Beverley Hocking

Beverley Hocking is a 53 year old, married, Senior Compliance Officer from Leeds.

Beverley, who is perimenopausal, started to experience symptoms three years ago.  She started to feel out of sorts and in particular would cry for no apparent reason. Her periods went from running like clockwork to coming every 60 or 70 days and she experienced mood swings that she couldn’t control.  She really struggled with finding the right medical advice in her menopause journey and eventually found the right type and dose of HRT that suited her.  Having turned her life around, Beverley is really passionate about helping women receiving the right help and treatment from the off – rather than being fobbed off with inaccurate or outdated advice from GPs.  


 

Bev’s story

I was 51 when I started to feel a bit out of sorts; not quite like myself – that things weren’t ‘normal’.  My periods, which had always been regular, changed to every 60 or 70 days and my once lustrous hair started to thin slightly. What’s more, I’d cry over anything and everything. I would have terrible mood swings where I could hear my temper coming out but just couldn’t stop myself, and would then have to apologise. I no longer had enjoyment in my life and wouldn’t go out – not even to the shops. My libido also took a knock. The joy in my life left me and I really just wanted to be alone at home with my cat.

I was juggling a busy job whilst looking after my elderly parents, but literally everything became overwhelming – even down to things like hearing music or background noise. At work, site visits and meeting the general public became challenging too – I felt scared and anxious of doing tasks that I wouldn’t have batted an eyelid at previously, and my concentration levels suffered.

I saw my GP about the symptoms and was offered anti-depressants three times and beta blockers twice, despite me having normal blood pressure. Knowing that I wasn’t depressed, I declined and struggled on wondering what was happening to me and wanting to get to the root of it.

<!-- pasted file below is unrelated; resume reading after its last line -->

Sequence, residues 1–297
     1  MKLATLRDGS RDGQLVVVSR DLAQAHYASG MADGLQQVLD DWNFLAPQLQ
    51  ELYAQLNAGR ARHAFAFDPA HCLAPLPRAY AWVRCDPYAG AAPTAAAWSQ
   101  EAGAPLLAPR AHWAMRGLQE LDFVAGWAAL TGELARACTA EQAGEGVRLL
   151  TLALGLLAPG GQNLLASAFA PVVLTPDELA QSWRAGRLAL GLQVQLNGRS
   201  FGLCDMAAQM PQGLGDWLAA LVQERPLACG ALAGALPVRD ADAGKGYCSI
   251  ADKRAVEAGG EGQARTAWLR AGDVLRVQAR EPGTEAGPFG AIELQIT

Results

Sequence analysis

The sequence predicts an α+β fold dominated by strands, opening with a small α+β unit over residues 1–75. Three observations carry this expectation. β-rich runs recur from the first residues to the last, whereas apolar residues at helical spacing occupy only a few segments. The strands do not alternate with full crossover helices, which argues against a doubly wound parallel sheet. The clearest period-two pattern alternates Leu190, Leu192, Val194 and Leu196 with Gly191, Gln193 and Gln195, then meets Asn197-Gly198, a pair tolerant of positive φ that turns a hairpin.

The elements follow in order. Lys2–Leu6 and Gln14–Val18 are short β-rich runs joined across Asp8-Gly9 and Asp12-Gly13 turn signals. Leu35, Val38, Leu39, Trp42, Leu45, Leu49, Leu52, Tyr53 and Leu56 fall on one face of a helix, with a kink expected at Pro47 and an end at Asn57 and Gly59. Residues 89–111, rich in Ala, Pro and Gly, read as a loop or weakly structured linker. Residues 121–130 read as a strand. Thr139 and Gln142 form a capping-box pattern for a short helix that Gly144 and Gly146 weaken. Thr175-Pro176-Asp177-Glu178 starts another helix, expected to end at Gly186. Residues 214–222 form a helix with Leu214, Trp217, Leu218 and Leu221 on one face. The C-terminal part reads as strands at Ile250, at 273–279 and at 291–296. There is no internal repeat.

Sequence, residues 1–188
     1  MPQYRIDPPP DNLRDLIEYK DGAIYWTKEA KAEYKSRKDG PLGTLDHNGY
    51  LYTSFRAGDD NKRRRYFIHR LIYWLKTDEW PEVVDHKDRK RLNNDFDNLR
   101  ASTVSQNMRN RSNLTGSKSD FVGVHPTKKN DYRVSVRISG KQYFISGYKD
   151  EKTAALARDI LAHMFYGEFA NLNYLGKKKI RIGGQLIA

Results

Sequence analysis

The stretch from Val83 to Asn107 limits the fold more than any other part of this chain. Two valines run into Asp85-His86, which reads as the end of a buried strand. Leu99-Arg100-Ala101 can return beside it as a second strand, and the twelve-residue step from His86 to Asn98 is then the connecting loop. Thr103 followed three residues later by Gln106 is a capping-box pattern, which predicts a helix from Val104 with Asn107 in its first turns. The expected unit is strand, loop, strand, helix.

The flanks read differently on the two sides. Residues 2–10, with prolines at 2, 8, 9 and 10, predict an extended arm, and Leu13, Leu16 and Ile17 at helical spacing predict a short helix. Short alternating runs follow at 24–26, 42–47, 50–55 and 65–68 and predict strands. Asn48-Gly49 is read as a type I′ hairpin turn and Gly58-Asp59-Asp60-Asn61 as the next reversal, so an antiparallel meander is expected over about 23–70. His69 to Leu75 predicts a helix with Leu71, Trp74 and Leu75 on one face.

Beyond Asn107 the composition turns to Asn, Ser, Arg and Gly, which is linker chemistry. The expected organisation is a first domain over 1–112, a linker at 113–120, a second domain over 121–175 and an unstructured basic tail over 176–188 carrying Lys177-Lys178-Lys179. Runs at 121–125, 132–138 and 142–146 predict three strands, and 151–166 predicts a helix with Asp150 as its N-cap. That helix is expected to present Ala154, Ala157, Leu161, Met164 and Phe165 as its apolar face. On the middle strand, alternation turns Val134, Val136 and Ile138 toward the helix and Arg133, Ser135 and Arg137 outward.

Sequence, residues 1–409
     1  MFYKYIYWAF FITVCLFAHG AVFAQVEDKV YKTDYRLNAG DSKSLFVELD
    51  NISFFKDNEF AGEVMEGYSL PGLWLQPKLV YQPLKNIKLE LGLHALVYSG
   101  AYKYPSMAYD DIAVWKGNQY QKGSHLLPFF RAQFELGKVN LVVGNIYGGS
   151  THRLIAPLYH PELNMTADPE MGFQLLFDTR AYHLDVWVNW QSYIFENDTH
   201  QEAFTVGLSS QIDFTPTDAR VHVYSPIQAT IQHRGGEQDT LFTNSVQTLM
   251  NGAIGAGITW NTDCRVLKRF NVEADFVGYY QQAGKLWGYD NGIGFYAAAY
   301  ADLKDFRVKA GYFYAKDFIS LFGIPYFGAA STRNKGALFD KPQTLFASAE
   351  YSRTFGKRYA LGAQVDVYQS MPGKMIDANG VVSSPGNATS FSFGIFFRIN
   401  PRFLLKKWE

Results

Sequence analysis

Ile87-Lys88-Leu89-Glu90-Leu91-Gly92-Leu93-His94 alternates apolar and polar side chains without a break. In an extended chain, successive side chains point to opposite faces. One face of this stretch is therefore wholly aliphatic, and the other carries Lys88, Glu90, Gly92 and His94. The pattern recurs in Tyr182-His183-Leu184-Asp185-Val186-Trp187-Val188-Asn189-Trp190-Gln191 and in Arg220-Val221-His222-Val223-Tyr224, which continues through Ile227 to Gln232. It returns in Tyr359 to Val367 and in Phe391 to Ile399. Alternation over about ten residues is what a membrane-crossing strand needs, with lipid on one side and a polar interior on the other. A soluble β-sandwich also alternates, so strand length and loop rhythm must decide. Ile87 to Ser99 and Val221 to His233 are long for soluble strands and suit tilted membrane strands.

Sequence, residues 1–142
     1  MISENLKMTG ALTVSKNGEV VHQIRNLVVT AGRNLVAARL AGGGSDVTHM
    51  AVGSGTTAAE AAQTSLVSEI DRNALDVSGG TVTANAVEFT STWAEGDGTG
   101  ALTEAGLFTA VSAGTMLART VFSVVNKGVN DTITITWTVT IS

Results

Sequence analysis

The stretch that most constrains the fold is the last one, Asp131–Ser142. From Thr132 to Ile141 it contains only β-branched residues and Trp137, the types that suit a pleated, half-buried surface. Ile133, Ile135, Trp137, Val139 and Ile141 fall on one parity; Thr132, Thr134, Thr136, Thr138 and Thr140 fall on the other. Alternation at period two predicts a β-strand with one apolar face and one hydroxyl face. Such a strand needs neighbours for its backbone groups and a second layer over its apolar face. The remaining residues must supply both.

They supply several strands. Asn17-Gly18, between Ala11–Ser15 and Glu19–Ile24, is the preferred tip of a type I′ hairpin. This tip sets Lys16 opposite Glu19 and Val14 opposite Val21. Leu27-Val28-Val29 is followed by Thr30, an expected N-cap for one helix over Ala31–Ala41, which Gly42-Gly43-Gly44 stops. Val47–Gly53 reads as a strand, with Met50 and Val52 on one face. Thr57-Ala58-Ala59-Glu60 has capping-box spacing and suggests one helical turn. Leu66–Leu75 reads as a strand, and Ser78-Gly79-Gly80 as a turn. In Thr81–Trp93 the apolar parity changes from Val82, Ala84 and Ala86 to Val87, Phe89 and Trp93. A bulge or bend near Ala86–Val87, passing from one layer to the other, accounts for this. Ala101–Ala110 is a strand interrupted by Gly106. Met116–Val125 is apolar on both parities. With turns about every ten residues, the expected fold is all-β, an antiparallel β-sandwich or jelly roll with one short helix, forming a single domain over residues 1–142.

I came across Carole Vorderman’s experiences online and researched the body identical drugs she was taking. I read everything I could get my hands on about perimenopause and how best to take HRT before I bothered the GP with my ailments. I read a lot online about women who had successful experiences with oestrogel, a form of HRT, and I felt encouraged. I also read about the benefits of testosterone, which isn’t currently licensed here in the UK but is in other countries.

Armed with all the research I could find I went to a doctor’s appointment in August 2017. The GP was dismissive and said they’d never heard of it, despite it being recommended as a treatment in the NICE guidelines.  Instead I was given HRT tablets to use for three months and was sent on my way. It certainly helped but I knew there were better products available and I was determined to get the doctor to change the drugs I had been given.  

The more I researched, the more I knew that I wasn’t on the right treatment, so much so that when I was on holiday in Spain I bought oestrogel and utrogestan ( progesterone) over the counter in a pharmacy to specifically bring back and show to my GP! It worked…kind of… my GP said that as she knew nothing about oestrogel she would need to write to the hospital to get advice on the dosage but she let me have one month’s worth of supply to be taken alongside vaginal progesterone. My usual chemist told me they could not get the oestrogel for me so I went to a second chemists who had to order it in. Finally I was getting somewhere, or so I thought but after approx. 4 months my symptoms returned. I went back to the GP and asked for my testosterone levels to be checked but was told categorically no. Eventually a new GP at my practice gave the go ahead for me to have my testosterone levels checked after much nagging.  I was told the result was within normal range. I knew this could not be correct.